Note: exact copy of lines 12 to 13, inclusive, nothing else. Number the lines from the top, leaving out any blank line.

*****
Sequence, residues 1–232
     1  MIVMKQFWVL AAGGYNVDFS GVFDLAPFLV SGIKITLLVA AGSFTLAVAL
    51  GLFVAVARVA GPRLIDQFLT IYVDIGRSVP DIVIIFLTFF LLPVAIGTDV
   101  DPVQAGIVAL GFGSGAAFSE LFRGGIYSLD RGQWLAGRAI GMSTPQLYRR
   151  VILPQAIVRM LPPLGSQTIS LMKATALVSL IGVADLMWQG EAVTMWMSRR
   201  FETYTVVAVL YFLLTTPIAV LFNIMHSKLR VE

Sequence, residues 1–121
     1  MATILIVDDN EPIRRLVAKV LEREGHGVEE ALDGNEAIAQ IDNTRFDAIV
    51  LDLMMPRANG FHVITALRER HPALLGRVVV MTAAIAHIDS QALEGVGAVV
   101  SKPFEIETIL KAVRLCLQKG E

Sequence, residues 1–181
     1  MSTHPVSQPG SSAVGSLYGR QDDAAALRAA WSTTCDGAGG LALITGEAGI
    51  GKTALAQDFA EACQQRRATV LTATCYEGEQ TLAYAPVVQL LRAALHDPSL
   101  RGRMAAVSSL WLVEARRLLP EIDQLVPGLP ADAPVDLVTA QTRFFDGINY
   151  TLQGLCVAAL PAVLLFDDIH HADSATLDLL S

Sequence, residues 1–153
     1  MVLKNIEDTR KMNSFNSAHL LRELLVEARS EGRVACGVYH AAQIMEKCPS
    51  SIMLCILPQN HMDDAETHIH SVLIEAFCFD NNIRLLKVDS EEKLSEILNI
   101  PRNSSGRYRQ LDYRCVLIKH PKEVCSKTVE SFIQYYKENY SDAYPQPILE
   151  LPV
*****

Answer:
     1  MSTHPVSQPG SSAVGSLYGR QDDAAALRAA WSTTCDGAGG LALITGEAGI
    51  GKTALAQDFA EACQQRRATV LTATCYEGEQ TLAYAPVVQL LRAALHDPSL